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Digimon: The Movie (2000)

Three different stories involving digital creatures collide together.

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(original concept by), (adaptation) | 3 more credits »

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Cast

Cast overview, first billed only:
...
Kari / Young Kari (voice)
...
Young Tai / Tai (voice)
Bob Papenbrook ...
Red Greymon (voice)
...
Parrotmon (voice)
Dorothy Elias-Fahn ...
Tal's Mom (voice)
Michael Sorich ...
Miko / Big Agumon / Gargomon (voice)
Peggy O'Neal ...
Botamon (voice)
...
Sora / Male Student (voice)
...
Koromon / Kuramon (voice)
...
Truck Driver 1 / Tentomon / Phone Voice 1 / Kabuterimon / MegaKabuterimon / Floyd the Barber / Barney / Cabbie / Kid 3 (voice)
Bob Buchholz ...
Truck Driver 2 / Male Customer / Phone Voice 2 / Voice Mail Operator / Uncle Al / Andy / Squad Leader (voice)
Philece Sampler ...
Mimi / Cody / Matt's Grandma (voice)
Mona Marshall ...
Izzy / Terriermon (voice)
Michael Lindsay ...
Joe / Greymon (voice)
...
Matt (voice)
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Storyline

The film is an edited version of three different Japanese short films, which have been combined together. There is narration by a continuing character, Kari. The first segment of the film revolves around the first encounter with a digimon and a fight that occurs between their digimon and another. The two kids, Kari and Tai, raise a fast-growing digimon from an egg to a large, dinosaur-like digimon, which escapes from their house and then has an encounter and a battle with a parrot-like digimon. The second segment mainly involves Tai and another digiDestined friend of his, Izzy. A computer virus sweeps across the internet, effecting a digiEgg, and thus creating an infected digimon. This infected digimon begins to start eating computer information and data, and the two protagonists attempt to stop the digimon, but fail. After the infected digimon manages to get into the American information system and launch two nukes, one at japan and one at Colorado, Tai and Izzy get help from ... Written by Leo

Plot Summary | Plot Synopsis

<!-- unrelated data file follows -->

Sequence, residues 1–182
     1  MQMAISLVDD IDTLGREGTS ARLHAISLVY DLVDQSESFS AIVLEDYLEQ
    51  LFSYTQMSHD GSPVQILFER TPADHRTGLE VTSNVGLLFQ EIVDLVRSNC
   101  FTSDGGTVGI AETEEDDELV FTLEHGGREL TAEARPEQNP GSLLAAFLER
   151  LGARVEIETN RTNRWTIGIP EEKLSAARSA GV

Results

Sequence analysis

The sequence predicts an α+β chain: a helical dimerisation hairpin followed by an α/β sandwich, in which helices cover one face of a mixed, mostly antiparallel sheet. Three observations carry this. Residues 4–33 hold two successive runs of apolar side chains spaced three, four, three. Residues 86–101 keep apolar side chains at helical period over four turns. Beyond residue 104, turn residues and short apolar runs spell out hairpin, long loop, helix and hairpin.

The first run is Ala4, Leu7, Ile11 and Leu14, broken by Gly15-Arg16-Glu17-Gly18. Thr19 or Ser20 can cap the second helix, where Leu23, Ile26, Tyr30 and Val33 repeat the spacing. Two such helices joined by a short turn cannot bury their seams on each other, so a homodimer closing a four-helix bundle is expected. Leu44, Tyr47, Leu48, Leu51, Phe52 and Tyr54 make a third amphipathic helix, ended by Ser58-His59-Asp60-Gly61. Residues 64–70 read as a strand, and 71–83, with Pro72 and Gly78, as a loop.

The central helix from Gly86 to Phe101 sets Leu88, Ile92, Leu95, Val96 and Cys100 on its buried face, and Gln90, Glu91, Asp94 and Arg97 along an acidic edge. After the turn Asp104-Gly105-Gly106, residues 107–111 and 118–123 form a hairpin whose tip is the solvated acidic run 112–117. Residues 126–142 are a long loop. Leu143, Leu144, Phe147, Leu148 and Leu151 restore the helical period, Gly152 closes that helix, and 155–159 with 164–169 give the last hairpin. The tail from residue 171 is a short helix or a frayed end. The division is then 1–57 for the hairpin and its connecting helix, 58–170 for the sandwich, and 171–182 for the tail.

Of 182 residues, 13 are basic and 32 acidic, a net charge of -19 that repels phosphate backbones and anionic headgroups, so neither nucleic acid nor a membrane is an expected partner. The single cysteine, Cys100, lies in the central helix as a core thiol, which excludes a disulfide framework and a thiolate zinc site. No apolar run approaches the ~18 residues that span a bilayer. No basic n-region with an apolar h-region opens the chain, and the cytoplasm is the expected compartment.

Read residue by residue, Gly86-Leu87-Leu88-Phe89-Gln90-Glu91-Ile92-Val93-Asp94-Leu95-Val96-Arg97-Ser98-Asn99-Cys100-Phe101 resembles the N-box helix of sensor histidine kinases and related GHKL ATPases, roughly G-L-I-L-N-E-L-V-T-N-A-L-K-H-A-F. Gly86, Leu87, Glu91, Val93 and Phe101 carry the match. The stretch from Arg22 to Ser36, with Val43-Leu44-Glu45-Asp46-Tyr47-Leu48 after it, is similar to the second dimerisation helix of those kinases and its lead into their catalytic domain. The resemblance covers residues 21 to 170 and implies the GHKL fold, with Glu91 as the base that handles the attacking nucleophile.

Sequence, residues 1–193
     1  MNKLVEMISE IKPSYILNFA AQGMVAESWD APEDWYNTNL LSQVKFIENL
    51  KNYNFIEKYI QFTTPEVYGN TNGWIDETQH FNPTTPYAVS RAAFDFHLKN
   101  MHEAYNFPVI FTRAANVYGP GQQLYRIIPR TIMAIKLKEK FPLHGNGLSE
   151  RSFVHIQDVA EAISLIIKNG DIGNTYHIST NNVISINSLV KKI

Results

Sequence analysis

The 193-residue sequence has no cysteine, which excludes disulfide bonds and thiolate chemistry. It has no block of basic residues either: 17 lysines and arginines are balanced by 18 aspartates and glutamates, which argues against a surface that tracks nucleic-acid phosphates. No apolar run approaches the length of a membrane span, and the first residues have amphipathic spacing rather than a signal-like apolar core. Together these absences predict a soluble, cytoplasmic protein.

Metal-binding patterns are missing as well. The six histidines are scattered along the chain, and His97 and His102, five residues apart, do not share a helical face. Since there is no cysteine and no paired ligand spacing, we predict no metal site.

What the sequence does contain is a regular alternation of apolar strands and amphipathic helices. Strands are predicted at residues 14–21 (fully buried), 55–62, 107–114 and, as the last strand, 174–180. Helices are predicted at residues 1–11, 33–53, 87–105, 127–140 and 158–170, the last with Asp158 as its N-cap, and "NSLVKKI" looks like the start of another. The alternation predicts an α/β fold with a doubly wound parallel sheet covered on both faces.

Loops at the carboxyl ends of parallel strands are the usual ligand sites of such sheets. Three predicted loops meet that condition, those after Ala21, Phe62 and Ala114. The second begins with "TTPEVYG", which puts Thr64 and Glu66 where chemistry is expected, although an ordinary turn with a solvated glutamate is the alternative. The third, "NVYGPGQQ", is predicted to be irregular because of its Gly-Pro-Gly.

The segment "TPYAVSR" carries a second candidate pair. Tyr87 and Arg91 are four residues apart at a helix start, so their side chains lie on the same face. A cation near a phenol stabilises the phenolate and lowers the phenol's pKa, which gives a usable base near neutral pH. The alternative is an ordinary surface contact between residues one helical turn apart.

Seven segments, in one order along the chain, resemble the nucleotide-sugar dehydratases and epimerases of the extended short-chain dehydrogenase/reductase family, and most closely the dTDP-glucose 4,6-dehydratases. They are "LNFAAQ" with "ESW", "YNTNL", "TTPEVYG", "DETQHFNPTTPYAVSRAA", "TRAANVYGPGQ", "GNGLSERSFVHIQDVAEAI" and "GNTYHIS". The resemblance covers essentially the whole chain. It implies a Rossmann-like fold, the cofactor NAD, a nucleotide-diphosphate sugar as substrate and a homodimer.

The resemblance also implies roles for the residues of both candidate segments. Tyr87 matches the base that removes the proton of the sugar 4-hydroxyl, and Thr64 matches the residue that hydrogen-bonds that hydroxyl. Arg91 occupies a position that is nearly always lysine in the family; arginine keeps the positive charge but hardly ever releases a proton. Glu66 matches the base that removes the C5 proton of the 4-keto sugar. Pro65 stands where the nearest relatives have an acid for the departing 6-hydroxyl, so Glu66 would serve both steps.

Taglines:

New Monsters. New Battles. Now on the Big Screen.


Motion Picture Rating (MPAA)

Rated PG for action violence | See all certifications »

Parents Guide:

 »
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Details

Country:

|

Language:

Release Date:

6 October 2000 (USA)  »

Also Known As:

Digimon: Digital Monsters - The Movie  »

Box Office

Budget:

$5,000,000 (estimated)

Opening Weekend:

$4,233,304 (USA) (6 October 2000)

Gross:

$9,628,751 (USA) (5 January 2001)
 »

Company Credits

Show detailed on  »

Technical Specs

Sound Mix:

Color:

Aspect Ratio:

1.85 : 1
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Did You Know?

Trivia

When the Digi-Egg emerges from the computer in the first part, the text in the background is from Psalm 109. See more »

Goofs

On the back of the video box, the movie says that the film's storyline is highlighted behind the nuclear missiles in the movie and a kidnapping plot. The kidnapping never happened in the American version, as it was edited out in the final release for American audiences. See more »

Quotes

Patamon: [Patamon and Gabumon are going through the Internet with Agumon and Tentomon]
Patamon: Is TK on this ride?
Gabumon: He's not tall enough.
See more »

Crazy Credits

In the Japanese version of segment 1: During the credits, Tai (season one style) is standing in a field with his eyes closed. Butterfly (the slightly different version) begins to play in the background. Taichi looks up to see Greymon. He reaches up and hugs him. The camera zooms out to Butterfly and then the scene finally fades to black. See more »

Connections

Spun-off from Digimon: Digital Monsters (1999) See more »

Soundtracks

Strange
Performed by Jasan Radford
Produced by Jeremy Sweet
Written by Jeremy Sweet, Shuki Levy, and Haim Saban (as Kussa Mahchi)
Used by permission of Eifoata Music
See more »

Frequently Asked Questions

See more (Spoiler Alert!) »

User Reviews

Funtimes
8 October 2003 | by (Here...) – See all my reviews

I really can't bring myself to insult this movie as it got me into anime. Actually, to rephrase that, it got me interested in the idea of anime: Akira got me into PROPER anime.

As for the film, it is actually pretty good. Digimon is one of those anime series that, while aimed at younger audiences, is actually very enjoyable. There are funny moments, and the fight scenes are cool without being too violent.

The film is split into three loosely linked sections, the first really just setting the story up, but containing a cool fight scene at the end. The second part is the longest and most enjoyable: it features Tai and Izzy trying to stop a Digimon with a virus that has taken over the internet. This section contains the best jokes and interaction between the characters, and has a good plot and animation. The third part I didn't like so much, but for the record is takes place later, and deals with the aftermath of what happened, this time set in the USA.

Obviously, Digimon: The Movie is just a kids picture, and the animation and plot are pretty basically, but it will be enjoyed by fans of the series, children who are into anime, scifi, etc. and even my more mature (i.e. older!) anime fans like myself who just want a fun little film to pass the time with.


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